Akinwumi Adesina, minister of agriculture and rural development, in his remark, said Nigeria’s food import bill has declined from N1.9 trillion in 2009 to N684 billion by December 2013. He identified the challenges of agriculture in Nigeria as low mechanisation, adding that a farmer with access to a tractor would be able to cultivate 10 hectares per day compared to one hectare per day if it’s done manually.
Adesina also said that African farmer’s needed support just like the developed countries support their farmers with massive subsidies. Delivering a paper at the high Policy Dialogue on ‘Research to Feed Africa’ in Addis Abba, Ethiopia, he said while there has always been a debate on subsidies, his position “is that they are needed, especially in the early phases of agricultural transformations to ensure that the poor, especially women, and smallholders benefit from technical change.
“While developed countries support their farmers with massive subsidies, African farmers, who are poor, are barely supported. Lacking access to technologies and with limited financial resources, many do not take advantage of the benefits that new technologies can offer. There is no doubt that investing in agricultural research pays. The challenge is always how to ensure that poor farmers benefit from technical change. What is important is to develop ways of targeting support to reach farmers, while ensuring that the private sector, not the government, delivers farm inputs to farmers. This is what we did in Nigeria,” he said.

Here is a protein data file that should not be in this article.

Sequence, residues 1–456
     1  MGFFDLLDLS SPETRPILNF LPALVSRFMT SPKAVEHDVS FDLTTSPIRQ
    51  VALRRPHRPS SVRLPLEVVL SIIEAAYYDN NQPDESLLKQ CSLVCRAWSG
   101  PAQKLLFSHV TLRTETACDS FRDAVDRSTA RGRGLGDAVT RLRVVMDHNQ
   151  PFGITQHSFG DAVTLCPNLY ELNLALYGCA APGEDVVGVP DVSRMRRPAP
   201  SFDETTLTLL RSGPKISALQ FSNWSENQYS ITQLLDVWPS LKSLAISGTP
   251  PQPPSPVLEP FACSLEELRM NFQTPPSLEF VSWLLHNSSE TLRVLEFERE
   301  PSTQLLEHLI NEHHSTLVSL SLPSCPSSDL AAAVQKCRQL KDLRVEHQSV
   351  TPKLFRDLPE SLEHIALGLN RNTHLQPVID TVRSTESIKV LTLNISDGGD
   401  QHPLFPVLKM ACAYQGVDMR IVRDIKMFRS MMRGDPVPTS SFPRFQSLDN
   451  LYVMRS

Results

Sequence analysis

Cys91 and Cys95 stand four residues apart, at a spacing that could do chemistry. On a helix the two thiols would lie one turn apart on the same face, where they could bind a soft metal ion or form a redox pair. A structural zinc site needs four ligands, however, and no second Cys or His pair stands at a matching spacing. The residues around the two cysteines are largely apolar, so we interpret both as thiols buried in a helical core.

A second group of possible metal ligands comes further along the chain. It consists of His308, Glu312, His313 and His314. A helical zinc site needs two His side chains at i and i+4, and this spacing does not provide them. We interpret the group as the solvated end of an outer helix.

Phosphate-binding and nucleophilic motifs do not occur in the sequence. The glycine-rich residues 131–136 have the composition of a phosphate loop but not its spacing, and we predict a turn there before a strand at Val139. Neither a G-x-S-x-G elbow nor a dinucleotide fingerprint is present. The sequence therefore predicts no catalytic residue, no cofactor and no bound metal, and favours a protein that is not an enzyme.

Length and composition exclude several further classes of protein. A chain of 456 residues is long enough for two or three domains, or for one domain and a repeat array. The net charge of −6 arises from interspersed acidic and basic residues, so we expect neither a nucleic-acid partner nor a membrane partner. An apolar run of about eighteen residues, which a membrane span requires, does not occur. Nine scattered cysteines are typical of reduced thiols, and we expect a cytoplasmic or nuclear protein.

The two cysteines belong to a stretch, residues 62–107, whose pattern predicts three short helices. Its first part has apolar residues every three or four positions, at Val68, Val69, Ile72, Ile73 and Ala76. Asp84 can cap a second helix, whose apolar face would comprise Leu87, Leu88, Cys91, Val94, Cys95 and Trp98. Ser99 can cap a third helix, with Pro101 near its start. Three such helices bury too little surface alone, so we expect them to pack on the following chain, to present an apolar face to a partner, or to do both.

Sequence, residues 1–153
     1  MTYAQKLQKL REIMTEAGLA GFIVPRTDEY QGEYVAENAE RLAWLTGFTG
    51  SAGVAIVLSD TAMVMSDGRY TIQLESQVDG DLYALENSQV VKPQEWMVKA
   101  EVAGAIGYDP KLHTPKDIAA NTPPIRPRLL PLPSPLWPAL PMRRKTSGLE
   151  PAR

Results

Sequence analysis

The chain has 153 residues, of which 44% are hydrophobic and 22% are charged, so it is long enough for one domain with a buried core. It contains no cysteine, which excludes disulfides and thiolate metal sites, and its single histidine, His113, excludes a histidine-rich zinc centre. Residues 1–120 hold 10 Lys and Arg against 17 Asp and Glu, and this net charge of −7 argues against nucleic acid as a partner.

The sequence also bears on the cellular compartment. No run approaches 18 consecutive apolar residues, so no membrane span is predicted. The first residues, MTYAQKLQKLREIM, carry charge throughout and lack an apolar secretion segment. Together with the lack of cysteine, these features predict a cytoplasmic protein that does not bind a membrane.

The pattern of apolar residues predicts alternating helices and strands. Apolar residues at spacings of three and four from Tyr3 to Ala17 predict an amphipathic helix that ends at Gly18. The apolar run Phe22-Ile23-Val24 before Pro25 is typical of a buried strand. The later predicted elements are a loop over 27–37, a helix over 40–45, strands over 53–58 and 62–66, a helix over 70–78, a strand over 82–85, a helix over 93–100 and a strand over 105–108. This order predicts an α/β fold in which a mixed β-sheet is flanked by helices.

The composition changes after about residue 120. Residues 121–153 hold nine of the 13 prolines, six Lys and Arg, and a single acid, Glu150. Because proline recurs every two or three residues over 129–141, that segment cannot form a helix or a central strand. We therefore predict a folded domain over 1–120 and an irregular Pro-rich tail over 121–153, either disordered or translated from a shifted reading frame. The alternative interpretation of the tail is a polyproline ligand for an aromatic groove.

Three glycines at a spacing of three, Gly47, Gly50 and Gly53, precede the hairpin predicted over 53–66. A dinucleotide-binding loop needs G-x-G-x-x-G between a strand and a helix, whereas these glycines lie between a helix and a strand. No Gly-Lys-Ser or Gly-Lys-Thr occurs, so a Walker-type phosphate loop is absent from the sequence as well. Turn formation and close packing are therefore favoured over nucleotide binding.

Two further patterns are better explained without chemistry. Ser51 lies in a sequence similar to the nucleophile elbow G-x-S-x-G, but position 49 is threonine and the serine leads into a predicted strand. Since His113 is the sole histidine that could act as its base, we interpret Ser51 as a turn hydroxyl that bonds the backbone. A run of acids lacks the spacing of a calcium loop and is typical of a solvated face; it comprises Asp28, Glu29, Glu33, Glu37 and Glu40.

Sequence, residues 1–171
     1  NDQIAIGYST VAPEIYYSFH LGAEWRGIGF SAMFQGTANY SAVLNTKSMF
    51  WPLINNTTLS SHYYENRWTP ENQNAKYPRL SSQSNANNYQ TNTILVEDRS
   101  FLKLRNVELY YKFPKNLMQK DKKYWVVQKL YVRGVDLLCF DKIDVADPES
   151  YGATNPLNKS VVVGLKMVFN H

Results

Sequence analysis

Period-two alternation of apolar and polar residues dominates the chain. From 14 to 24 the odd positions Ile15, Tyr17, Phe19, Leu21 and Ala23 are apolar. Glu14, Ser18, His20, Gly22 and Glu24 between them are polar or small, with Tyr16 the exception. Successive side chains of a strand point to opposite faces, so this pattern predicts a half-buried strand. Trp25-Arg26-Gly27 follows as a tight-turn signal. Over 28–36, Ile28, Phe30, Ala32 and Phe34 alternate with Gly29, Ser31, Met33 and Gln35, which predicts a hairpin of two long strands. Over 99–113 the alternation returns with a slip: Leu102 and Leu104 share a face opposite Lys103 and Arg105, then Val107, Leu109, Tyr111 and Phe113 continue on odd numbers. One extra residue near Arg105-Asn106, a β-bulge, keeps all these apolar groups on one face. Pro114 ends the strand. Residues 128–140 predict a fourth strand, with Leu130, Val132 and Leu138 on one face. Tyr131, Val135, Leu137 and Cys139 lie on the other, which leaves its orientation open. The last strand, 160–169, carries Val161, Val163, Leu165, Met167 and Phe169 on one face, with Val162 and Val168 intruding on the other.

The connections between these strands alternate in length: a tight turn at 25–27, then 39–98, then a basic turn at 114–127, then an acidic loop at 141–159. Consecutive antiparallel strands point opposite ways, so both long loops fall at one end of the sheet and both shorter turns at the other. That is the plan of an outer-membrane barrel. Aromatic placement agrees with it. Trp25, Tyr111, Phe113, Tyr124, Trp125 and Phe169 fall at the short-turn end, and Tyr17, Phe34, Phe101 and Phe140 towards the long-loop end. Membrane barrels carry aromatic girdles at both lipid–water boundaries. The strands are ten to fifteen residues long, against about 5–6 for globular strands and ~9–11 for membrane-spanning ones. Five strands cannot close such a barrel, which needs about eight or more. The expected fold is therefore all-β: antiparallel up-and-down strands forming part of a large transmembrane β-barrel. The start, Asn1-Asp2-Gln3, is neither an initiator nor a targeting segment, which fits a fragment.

The minister noted that “public policies are needed to reduce adoption costs faced by farmers,” adding that when he was appointed minister, he met a system where the government, for decades, had been directly involved in procuring and distributing fertilizers to farmers. “The system was corrupt and benefited rent seekers, not smallholder farmers. We ended four decades of fertilizer sector corruption within 90 days and with it the era of government buying and distributing seeds, and replaced it with a private sector-driven system.”
He said with that the role of government shifted to providing targeted farm support to farmers for seeds and fertilizers via electronic coupons on mobile phones or “e-wallets”. “Between 2012 and 2014, a total of 14 million farmers received their subsidized farm inputs using electronic vouchers on their mobile phones to directly pay private sector input retailers. Dignity was returned to farmers. As farmers expressed their demand, the number of seed companies increased from 5 to 80 within three years.”
With the development, the minister noted that the financial markets took note and for the first time ever, banks began to lend to seed companies and agro dealers in Nigeria. “Bank lending to seed companies and agro dealers rose from $10 million in 2012 to $53 million by 2013, while bank lending to fertilizer companies rose from $100 million in 2012 to $500 million in 2013. Private sector input supply companies began to build their supply chains to reach farmers directly instead of supplying to the government, stimulating economic activity and creating jobs all across the seed and fertilizer sector value chains.”